Showing posts with label mushrooms. Show all posts
Showing posts with label mushrooms. Show all posts

24 March 2008

Rich Chicken Soup with Roasted Asparagus, Mushrooms and Shallots

I dreamed of my father last night. In the dream he was strong and whole - and living happily in the south of France.

Perhaps he is.

People who have heard me relating my vivid dreams often ask me, "What did you eat before you went to bed?" and of course, I tell them nothing, because late-night snacks are not part of of my diet.

But a good supper - and we tend to eat later - is essential. I am often hungriest at night, when we hunker down in our cozy snuggery with books and magazines and DVDs and a remote control at hand.

Last night, after our wonderful roasted chicken, I made a rich golden stock from the carcass. All day I imagined how it would be, simmering away on the stove, filled with the vegetables of late winter into spring.

Shallots and mushrooms I had on hand; asparagus I found at the supermarket - yes, it's beginning to show up there!

I sautéed the shallots and mushrooms while I roasted the asparagus, just enough to impart that delicate flavor roasting provides.

Added together, the vegetables gave the soup a sweet and dark and bosky flavor, like a forest in spring. I paired it with a slice of whole grain bread from a rustic loaf from the bakery.

Chicken Soup with Roasted Asparagus, Mushrooms and Shallots

  • 10-12 stalks of asparagus
  • 3-4 medium shallots, peeled and sliced
  • 1/2 to 3/4 cup fresh mushrooms, cleaned and sliced
  • 2 tablespoons extra-virgin olive oil
  • 3-5 cups homemade chicken stock
  • 1 cup chicken, dark and white meat, cubed
  • grated pepper and fleur de sel to taste
  • pinch of your favorite herbs 

Wash the asparagus, breaking off the tough bottoms of the stalks. Coat with a tablespoon or less of olive oil and roast until the stalks just begin to turn brown at the edges. Set aside to cool.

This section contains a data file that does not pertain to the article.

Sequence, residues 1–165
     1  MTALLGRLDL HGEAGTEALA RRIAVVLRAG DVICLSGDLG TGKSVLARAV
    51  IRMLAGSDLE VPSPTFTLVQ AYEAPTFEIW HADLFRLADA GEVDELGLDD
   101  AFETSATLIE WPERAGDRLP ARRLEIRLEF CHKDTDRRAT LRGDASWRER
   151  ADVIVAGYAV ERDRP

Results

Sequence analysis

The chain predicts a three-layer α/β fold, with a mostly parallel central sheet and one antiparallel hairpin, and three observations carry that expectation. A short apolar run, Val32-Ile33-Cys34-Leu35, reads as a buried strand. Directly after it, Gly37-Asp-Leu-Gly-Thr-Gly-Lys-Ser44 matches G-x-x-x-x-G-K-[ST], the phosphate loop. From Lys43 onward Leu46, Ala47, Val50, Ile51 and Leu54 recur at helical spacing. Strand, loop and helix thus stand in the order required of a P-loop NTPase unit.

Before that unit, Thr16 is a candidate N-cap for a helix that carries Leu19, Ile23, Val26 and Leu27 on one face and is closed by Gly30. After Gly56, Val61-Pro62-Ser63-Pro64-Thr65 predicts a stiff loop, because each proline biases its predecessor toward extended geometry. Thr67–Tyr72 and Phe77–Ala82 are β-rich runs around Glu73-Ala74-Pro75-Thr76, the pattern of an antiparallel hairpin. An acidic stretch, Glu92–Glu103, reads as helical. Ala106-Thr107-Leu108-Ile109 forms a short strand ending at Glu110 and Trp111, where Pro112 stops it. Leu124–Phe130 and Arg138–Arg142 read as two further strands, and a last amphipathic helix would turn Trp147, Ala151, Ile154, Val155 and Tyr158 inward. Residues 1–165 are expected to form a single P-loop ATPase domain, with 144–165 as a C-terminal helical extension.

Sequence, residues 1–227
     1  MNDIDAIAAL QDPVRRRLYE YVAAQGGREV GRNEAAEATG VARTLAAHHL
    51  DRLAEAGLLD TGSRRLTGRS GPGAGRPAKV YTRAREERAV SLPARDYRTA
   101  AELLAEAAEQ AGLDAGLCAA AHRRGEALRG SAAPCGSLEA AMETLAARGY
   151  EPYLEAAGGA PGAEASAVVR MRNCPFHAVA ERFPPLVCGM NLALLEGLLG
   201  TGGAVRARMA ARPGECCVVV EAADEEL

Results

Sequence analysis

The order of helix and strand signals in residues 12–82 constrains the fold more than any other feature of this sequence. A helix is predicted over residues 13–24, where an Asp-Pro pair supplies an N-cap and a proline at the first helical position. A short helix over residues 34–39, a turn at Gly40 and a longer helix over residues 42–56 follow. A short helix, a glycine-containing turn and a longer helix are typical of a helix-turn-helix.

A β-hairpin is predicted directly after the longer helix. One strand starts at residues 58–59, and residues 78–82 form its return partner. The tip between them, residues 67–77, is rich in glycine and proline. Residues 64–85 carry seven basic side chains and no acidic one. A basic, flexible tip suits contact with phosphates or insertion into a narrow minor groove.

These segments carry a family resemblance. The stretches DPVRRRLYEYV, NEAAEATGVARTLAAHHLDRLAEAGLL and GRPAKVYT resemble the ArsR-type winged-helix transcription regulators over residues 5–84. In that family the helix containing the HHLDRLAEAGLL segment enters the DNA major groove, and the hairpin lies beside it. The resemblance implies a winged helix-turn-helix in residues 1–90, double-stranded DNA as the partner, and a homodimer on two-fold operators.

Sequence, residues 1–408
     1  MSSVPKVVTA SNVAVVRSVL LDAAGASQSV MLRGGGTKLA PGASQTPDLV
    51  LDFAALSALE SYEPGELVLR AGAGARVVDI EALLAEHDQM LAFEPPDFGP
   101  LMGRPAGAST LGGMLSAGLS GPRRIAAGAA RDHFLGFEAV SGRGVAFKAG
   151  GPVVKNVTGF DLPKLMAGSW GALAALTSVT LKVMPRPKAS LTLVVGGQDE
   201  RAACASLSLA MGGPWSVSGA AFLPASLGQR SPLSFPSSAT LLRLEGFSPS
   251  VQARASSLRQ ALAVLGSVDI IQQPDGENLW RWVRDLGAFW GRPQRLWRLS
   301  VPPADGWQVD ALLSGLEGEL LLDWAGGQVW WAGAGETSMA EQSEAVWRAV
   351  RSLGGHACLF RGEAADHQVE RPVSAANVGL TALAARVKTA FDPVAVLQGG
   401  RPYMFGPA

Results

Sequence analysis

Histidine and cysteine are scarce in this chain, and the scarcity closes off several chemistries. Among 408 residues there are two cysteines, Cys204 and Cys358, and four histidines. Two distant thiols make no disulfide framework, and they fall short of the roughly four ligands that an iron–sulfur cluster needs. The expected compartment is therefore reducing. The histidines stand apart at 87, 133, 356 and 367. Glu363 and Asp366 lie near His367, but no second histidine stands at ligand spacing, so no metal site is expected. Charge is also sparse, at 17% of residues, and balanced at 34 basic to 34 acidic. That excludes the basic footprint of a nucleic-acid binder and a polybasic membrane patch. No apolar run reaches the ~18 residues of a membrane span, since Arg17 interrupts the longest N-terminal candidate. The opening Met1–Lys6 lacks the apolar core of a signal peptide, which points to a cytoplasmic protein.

Meanwhile, slice shallots and mushrooms. Place in a deep sauce pan and sauté in a tablespoon of olive oil until the shallots and mushrooms begin to turn golden brown. Remove from pan and set aside.

Empty chicken stock into saucepan (I like to chill it first so I can remove the congealed fat). Bring to a boil, then lower heat and allow to simmer, adding more water if necessary. Lower the heat and add the vegetables and the cubed chicken. Check the soup and season to suit your tastes. Allow to simmer about 5 minutes longer on low heat.

I kept the seasonings simple because I wanted the flavors to remain true. But I'd recommend a pinch of fresh parsley flakes. You may also add a bay leaf to the soup while it simmers.

Update: I have made this with fresh thyme, and also with a dash of herbes de Provence.

24 February 2007

Brussels Sprouts with Shallots, Mushrooms and Thyme

For me there is something immensely pleasurable about preparing a meal as night begins to fall, especially as the clouds gather outside and the wind howls. There is no place I'd rather be than in my own kitchen.

So I was thoroughly enjoying myself Saturday about 6 p.m. as I marinated steak for broiling and sliced tomatoes for a simple side salad with black olives and an herb-peppered chevre.

The long-predicted storm had not arrived (it finally hit at 3 a.m.), and as I chopped and sliced and seasoned I kept an eye on the sky.

I’ve sworn off simple carbohydrates for a while, and thus have forced my husband to do so, too, at least on weekends. Without potatoes, rice or pasta, I’m paying more attention to side dishes. It seemed a while since we’d had Brussels sprouts, and I found a recipe on Epicurious that intrigued me.

As usual, I modified it quite a bit to suit my diet and my time constraints.

Brussels Sprouts with Shallots, Mushrooms and Thyme

For Brussels sprouts

  • 3 lb Brussels sprouts, trimmed and halved lengthwise
  • 1/4 cup olive oil
  • 1/2 tablespoon minced garlic
  • dash sel de fleur

For shallots

  • 1/2 lb large shallots (about 6), cut lengthwise